You never know where you'll find some art law. James Wood's review of Peter Carey's new book, Theft: A Love Story, in the new issue of the London Review of Books, begins this way:
"Last year, Louis Knickerbocker, a meat distributor from Newport Beach, California, bought a Picasso drawing from the online service of Costco for $40,000. Knickerbocker thought it a steal: ‘They just sell the top quality,’ he told the New York Times, ‘whatever you buy at Costco, whether it’s a washing-machine or a vacuum cleaner. I just thought, if it’s a Picasso, you can’t go wrong.’
"But it may have been a steal too far. The drawing had been verified by an art appraiser in Florida, and it came with a certificate of authenticity signed by Picasso’s daughter Maya Widmaier-Picasso. When the Times contacted her, however, Picasso’s daughter promptly denounced the certificate as a forgery. She explained to the paper that a real certificate was marked with one or more of her fingerprints and then embossed with her seal. Here there were errors of French, and the handwriting wasn’t hers. Yet the buyer seemed cheerfully undeterred: ‘Seeing as she signed a lot of those things, who knows how many years ago,’ he told the newspaper, ‘I’m not surprised if she’s going to say that it’s fake unless she has it in front of her.’ In this delicious transference, from the authenticity of the drawing to the authenticity of the authenticator, why shouldn’t the final verdict lie with the buyer, who in a Stanley Fishy way has simply asserted his right to authenticate?"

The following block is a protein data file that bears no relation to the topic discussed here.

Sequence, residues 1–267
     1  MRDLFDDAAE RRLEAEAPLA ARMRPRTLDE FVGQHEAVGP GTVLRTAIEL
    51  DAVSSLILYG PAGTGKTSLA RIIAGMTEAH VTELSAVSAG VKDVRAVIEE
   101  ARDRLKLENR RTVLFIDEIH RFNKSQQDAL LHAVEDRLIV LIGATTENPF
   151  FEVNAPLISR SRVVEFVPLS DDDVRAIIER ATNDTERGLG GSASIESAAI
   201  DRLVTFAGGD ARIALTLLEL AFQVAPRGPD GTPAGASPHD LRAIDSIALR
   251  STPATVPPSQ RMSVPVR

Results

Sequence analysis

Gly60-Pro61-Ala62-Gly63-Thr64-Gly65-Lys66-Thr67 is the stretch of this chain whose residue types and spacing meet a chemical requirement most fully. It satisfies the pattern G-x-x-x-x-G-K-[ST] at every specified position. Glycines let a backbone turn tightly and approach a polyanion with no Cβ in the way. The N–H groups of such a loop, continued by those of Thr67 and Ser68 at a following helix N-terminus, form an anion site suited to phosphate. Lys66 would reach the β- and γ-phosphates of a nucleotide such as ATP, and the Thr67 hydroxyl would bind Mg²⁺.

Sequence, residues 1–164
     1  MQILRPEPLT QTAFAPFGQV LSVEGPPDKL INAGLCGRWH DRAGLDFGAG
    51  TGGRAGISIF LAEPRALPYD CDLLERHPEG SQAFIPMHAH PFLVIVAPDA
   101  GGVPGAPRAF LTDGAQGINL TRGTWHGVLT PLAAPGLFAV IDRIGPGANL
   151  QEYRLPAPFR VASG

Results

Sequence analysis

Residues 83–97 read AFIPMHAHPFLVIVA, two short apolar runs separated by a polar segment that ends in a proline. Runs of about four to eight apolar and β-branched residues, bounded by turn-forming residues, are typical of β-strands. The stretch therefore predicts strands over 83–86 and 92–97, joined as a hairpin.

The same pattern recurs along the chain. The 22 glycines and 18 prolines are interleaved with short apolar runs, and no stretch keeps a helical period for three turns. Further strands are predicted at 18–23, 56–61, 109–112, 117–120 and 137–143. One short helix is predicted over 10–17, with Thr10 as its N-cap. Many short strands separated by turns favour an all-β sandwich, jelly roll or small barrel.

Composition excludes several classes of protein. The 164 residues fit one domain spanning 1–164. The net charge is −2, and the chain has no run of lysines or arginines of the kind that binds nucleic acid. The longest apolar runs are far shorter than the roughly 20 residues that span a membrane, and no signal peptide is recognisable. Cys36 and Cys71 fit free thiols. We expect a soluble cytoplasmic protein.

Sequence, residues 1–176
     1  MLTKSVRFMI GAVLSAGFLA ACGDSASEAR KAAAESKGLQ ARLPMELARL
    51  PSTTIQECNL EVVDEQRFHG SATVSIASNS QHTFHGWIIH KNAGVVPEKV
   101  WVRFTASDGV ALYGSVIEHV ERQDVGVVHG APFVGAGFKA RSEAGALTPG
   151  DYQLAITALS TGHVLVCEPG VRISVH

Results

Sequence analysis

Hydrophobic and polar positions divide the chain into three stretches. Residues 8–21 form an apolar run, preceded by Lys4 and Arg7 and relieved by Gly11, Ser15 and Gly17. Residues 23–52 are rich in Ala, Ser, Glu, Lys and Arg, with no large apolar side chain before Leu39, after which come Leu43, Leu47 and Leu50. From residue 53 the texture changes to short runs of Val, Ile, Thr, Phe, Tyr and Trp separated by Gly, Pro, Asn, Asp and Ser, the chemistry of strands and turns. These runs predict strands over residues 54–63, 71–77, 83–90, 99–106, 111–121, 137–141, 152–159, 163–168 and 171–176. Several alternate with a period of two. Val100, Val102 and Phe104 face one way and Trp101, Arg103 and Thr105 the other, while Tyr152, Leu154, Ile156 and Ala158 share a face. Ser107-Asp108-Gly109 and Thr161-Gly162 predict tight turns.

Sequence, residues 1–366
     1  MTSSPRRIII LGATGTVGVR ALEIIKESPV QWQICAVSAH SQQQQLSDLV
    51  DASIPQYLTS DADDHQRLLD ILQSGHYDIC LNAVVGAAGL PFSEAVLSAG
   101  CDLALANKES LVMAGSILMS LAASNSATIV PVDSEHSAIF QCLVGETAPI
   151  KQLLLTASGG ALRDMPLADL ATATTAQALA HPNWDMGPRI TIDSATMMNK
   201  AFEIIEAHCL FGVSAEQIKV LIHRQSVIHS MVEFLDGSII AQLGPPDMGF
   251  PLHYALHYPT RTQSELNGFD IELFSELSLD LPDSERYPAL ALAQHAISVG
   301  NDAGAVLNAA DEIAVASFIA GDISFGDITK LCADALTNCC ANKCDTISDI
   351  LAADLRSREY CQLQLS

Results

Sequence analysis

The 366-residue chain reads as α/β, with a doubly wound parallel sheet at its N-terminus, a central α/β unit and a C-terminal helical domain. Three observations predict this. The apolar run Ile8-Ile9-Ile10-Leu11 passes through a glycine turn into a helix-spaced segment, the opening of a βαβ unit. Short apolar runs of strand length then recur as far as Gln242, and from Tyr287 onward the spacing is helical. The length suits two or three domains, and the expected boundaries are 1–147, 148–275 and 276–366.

I previously mentioned the case of the Costco Picasso here.
UPDATE: Somewhat related piece in The Financial Times here.